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Eric Bobo's Appearances

"Bobo On The Corner"


So you are waiting for a new album from the Beastie Boys to drop, you load up Ill Communication and think back to the 1994 world tour. You reflect on how nicely the styles of Eric Bobo and Money Mark complimented Adam, Adam, and Michael. You long for yesterday and discover that there is a whole 'nother world of Eric Bobo material out there just waiting for you to discover. Here is a look into that world....

Proper Dos Mexican Power (1992)


Proper Dos is a Mexican rap crew comprised of Frank V and Ernie Gonzalez. They asked Eric Bobo to perform on a couple of tracks for their 1992 release Mexican Power. Bobo played congas on “One Summer Night,” and “Life of a Gangster.”

Original Motion Picture Soundtrack CB4 (1993)


Although the liner notes for the CB4 soundtrack don’t mention Eric Bobo, it is a fact that he played percussion on Hurricane’s song “Stick’em Up.” This song, featuring the Beastie Boys, also showed up again on DJ Hurricane’s 1994 solo album “The Hurra.” However, the version of “Stick’em Up” which appears on this soundtrack is slightly longer than the LP version. It starts off with a few lines of dialog (from what sounds like an old 1940s gangster movie) before going into the song.

Papa’s Culture papa’s culture, but… (1993)


Eric Bobo, as part of the neofunkophonicorkestra, played percussion on the papa’s culture, but… This album’s liner notes do not clearly indicate if Bobo played on every track or just a few.

The Black Crowes amorica (1994)


The liner notes do not make it clear which songs feature Eric Bobo on percussion; instead they simply state “special appearance by Eric Bobo on percussion.”
It is worth noting that this album was recorded at the Sound City Studios in May and June 1994. In context of Bobo’s involvement with the Beastie Boys, this was just prior to him hitting the road for the lengthy 1994 Lollapalooza tour.

Beastie Boys Ill Communication (1994)


Eric Bobo contributed a large amount of material to this multi-platinum selling release. His influence shines through on songs like: “Ricky’s Theme,” “Bobo on the Corner,” “Eugene’s Lament,” “Shambala,” and “Sabrosa.”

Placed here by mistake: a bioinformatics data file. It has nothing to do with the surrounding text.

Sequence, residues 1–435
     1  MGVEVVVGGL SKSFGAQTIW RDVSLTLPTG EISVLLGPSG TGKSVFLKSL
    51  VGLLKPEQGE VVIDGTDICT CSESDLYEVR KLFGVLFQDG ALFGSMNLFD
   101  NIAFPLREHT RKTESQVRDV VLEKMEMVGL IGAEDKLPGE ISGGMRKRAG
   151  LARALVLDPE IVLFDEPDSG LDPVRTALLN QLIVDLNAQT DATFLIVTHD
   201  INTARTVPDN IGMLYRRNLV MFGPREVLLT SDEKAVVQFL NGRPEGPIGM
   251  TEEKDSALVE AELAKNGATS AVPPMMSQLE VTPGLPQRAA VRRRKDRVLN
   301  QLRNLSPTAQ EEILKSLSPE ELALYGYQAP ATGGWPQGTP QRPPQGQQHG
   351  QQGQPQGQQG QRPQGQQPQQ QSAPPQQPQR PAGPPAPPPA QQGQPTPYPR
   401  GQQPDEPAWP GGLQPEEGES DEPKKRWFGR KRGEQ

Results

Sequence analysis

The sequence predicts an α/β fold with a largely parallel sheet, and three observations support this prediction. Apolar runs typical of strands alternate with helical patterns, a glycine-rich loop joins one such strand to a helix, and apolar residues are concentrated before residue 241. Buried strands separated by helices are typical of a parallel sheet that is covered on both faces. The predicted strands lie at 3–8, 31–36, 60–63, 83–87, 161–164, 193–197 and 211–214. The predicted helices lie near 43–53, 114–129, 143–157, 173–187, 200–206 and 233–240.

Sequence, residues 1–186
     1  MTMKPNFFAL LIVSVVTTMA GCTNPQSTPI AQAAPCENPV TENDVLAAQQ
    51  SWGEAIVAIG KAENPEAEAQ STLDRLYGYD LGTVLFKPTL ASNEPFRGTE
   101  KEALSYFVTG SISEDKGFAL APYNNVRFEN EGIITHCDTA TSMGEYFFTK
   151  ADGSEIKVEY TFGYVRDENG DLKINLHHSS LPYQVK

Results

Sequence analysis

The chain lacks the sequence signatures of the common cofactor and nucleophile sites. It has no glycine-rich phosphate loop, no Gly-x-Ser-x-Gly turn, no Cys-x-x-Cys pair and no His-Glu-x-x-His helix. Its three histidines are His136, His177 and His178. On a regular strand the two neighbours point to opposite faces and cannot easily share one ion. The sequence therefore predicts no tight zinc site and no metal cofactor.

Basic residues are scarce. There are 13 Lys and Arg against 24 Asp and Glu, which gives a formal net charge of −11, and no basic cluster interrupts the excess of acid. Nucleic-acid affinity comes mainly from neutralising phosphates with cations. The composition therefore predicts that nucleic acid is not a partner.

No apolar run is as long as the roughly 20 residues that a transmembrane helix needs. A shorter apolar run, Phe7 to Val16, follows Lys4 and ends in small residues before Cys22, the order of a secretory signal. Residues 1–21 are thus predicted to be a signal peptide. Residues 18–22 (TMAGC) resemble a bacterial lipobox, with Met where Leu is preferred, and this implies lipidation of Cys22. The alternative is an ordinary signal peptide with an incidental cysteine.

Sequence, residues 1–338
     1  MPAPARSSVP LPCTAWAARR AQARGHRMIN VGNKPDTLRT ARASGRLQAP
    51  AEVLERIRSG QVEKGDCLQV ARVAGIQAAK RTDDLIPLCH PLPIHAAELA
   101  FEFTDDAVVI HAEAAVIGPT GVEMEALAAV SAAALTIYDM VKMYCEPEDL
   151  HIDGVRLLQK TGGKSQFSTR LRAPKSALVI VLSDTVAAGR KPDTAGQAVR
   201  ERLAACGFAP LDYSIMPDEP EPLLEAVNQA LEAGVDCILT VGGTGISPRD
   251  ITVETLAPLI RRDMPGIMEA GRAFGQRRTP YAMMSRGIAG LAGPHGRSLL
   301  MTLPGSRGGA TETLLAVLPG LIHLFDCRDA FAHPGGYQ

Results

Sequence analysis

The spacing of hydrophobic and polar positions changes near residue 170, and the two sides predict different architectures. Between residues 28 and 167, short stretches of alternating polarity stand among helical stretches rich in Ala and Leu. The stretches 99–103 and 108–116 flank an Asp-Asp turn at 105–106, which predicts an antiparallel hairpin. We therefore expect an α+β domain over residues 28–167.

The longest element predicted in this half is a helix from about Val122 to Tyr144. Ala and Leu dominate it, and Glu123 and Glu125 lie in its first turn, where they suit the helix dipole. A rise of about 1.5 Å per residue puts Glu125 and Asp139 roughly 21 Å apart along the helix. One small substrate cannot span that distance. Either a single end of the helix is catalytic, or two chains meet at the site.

Beastie Boys Sure Shot 12” and Maxi CD Single (1994)


Eric Bobo appears on the instrumental track entitled “Son of Neck Bone.” The title of this track is a nod to Eric’s father Willie Bobo, who the Beastie Boys are fans of.

Beastie Boys Tour Shot (1994)


This expensive Japanese import consists of many of the same tracks found on the domestic Sure Shot cd maxi-single plus three additional live performance tracks from the Beastie Boys June 14th 1994 Glastonbury concert in Sheffield England. Although uncredited, Eric Bobo appears on the live rendition of “Sabrosa” and “Sabotage.”

Woodstock 94 (1994)


On the Woodstock 94 double disc set, Eric Bobo played percussion on the live version of the Cypress Hill song “How I Could Just Kill a Man.” Although he is not mentioned in the liner notes, his on stage contribution was noted by those who happened to have recorded the pay-per-view performance.

Beastie Boys Root Down E.P. (1995)


The Root Down E.P was a combination of “Root Down” remixes and a handful of live performance tracks from the Beastie Boys European Polar Fleece Tour. Although the liner notes are frustratingly vague, one can assume Eric Bobo likely performed on both “The Maestro” and “Sabrosa.”

Hurricane The Hurra (1995)


This album features Eric Bobo’s percussion skills on the following tracks: “Feel the Blast,” “Pass Me the Gun,” “Where’s My Niggas At,” “What’s Really Going On,” “Get Blind,” “Pat Your Foot,” and “Stick’em Up.” In addition to playing on the album, Bobo is also credited for having helped create and produce “Feel the Blast.”

Cypress Hill Cypress Hill III (Temples of Boom) (1995)


Eric Bobo is credited for playing congas on “Locotes.”

Beastie Boys The In Sound from Way Out (1996)